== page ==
The biggest difference between the T6i and T5i is the sensor, with the T6i featuring 24.2 megapixels and the T5i at 18 megapixels. Honestly, if you’re uploading video you shoot in 1080 HD to YouTube, you’re probably not going to see a noticeable difference between the two. But if you plan on using the camera for filming in front of a green screen, you’ll want to go with the bigger sensor of the T6i (with the caveat that perhaps a completely other camera is in order for green screen work with a full-frame sensor, lower compression, and on and on, but that will cost thousands of dollars).

Both the T6i and the T5i come with the standard 18-55mm lens, which is fine to first get to know how to use the camera, but you’ll likely want to purchase a wide angle lens (like this Sigma 10-20mm f/3.5 for $449) that works with this camera.

Mevo by livestream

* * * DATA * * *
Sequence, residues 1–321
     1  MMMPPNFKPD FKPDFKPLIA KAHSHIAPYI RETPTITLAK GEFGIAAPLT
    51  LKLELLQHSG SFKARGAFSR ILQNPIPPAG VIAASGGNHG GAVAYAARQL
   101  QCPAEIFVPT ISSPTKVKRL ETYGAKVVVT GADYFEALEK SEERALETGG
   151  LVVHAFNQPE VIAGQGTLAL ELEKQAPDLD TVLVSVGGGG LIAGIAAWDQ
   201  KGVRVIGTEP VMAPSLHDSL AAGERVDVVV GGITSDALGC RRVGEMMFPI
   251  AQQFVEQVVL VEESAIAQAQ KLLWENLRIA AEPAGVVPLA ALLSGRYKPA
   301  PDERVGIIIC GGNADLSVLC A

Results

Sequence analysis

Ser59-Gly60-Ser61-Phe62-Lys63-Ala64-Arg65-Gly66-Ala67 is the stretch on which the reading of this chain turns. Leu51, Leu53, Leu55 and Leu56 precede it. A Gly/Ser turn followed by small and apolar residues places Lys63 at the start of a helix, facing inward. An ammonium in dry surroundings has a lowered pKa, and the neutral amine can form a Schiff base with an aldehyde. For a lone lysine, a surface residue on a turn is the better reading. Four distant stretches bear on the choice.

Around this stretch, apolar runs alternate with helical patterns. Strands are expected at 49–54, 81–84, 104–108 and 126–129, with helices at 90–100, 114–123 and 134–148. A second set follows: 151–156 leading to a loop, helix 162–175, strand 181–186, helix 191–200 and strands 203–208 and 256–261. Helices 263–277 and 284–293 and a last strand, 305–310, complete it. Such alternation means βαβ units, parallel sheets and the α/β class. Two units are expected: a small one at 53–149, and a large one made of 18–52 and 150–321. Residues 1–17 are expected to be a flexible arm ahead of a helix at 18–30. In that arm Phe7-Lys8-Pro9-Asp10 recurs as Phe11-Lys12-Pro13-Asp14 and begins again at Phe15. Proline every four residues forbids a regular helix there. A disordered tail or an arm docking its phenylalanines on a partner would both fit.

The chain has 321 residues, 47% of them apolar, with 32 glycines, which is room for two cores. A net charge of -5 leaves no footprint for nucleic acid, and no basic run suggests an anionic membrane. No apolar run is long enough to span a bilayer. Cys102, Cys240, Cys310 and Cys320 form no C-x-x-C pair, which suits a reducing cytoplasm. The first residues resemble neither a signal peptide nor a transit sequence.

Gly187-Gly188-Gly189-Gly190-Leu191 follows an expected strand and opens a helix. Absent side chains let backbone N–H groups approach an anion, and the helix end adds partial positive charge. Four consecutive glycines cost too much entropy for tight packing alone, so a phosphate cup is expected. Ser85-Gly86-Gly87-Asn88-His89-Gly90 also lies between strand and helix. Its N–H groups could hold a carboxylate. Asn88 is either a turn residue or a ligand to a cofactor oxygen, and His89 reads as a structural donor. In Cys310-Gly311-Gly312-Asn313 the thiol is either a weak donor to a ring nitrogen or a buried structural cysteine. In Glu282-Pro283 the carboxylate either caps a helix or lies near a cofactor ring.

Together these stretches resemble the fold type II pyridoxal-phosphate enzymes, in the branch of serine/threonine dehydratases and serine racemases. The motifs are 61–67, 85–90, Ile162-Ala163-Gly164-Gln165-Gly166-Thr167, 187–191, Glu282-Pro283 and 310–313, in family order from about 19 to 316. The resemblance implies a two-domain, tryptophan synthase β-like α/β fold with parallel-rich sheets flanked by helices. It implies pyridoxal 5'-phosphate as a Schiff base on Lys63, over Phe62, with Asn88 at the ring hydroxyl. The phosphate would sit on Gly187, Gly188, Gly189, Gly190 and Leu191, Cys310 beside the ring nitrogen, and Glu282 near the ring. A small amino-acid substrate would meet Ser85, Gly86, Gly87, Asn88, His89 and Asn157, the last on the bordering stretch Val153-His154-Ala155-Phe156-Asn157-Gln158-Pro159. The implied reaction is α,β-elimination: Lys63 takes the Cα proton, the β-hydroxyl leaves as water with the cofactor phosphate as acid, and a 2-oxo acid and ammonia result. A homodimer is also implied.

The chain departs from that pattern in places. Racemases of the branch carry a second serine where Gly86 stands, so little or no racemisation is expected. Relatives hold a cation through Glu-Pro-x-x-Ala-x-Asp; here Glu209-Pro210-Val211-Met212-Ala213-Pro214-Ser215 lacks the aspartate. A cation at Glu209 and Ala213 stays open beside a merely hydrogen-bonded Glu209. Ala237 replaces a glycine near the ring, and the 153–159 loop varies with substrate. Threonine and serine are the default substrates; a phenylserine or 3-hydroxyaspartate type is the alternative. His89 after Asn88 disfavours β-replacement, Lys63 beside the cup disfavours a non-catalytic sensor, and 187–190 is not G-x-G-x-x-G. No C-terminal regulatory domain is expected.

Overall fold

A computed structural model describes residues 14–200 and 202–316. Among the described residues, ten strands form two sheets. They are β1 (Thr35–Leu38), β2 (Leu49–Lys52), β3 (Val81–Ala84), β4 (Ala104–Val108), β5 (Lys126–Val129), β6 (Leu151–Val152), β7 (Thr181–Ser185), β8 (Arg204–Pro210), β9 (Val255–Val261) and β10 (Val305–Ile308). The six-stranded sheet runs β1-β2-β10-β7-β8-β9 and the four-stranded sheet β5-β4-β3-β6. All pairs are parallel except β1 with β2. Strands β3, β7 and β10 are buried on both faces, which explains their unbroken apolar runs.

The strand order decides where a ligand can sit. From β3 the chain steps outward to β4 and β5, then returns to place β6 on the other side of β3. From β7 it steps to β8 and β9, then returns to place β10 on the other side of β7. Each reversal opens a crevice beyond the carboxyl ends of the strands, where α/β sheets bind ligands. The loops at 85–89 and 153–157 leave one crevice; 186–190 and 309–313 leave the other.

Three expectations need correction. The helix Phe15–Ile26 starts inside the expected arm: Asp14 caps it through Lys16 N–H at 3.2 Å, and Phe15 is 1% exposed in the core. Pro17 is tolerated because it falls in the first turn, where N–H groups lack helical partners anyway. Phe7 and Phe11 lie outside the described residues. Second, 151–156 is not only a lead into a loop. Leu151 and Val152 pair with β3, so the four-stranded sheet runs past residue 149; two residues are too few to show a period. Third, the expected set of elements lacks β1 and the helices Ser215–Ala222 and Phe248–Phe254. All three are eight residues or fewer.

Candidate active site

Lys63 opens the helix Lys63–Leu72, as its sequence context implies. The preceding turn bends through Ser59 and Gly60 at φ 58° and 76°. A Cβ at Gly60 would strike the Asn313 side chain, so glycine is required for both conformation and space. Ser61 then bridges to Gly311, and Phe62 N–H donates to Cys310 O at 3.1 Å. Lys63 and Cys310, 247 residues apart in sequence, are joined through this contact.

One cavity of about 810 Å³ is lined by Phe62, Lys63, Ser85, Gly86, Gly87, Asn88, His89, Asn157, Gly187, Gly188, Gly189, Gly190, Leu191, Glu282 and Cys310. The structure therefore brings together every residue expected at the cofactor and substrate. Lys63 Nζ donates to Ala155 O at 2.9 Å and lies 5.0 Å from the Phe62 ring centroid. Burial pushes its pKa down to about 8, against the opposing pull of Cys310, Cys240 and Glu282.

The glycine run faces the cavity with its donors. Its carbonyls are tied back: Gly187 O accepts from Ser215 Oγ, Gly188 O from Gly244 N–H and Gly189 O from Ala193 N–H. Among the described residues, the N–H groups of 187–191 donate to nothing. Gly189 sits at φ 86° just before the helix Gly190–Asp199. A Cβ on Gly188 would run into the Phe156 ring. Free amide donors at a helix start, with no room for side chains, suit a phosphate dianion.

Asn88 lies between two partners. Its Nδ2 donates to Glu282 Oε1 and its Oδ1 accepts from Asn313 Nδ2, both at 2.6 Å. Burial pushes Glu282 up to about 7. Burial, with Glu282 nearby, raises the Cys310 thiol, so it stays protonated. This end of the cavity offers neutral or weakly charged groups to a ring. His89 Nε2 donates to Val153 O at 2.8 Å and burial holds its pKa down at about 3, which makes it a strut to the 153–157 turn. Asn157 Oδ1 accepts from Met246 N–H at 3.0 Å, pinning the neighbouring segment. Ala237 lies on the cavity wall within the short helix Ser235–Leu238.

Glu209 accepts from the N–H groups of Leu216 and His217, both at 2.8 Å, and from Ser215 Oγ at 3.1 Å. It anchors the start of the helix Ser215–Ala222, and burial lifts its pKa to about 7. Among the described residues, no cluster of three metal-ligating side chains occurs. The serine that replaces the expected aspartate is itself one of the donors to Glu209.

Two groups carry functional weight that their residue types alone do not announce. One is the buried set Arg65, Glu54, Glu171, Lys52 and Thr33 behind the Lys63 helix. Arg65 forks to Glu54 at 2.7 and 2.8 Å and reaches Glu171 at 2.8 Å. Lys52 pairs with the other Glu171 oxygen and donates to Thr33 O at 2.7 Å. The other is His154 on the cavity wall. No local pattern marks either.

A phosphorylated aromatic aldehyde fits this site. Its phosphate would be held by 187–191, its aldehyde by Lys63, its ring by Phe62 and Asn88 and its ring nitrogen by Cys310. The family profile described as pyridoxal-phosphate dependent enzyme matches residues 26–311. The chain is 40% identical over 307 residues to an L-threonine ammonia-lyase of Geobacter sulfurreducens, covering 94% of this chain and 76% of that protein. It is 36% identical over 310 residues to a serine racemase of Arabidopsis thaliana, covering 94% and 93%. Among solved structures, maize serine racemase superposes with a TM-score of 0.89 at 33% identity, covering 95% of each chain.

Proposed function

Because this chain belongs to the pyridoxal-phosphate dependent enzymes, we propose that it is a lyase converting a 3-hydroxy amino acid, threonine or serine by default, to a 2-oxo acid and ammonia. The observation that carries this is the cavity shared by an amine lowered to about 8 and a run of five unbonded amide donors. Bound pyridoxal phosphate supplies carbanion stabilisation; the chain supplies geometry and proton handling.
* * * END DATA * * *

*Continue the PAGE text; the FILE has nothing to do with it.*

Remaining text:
You can get the Mevo bundle from livestream this week for $549 which includes the camera, Mevo Boost external battery and network adapter, and a carrying case.

If you don’t know how you could use the Mevo in your business, watch the video below I made at the livestream booth the 2016 NAB Show.

Apple MacBook

My 13″ MacBook Pro is a workhorse, supporting real-time video editing and uploading while on the road. For Black Friday, Best Buy has select MacBooks up to $200 off, so check their website and see if any of their deals are ones you can’t pass up.

LED Lighting

The Fotodiox Black Friday deals were only available on Friday, so I’ve removed the links to the LED lighting that was on sale.


Best Buy has this Sunpak TravelLite Pro 63″ tripod for $49 this week (view the Best Buy ad). While not as high quality as a MeFOTO or Manfrotto collapsible tripod, the Sunpak doesn’t come with the $200 price tag.

Speaking of Manfrotto, they have Black Friday specials including the BeFree One tripod for $99 (a great deal while supplies last, but I didn’t see any inventory when I checked Thursday at 9:35 AM) and $100 off select carbon fiber tripods.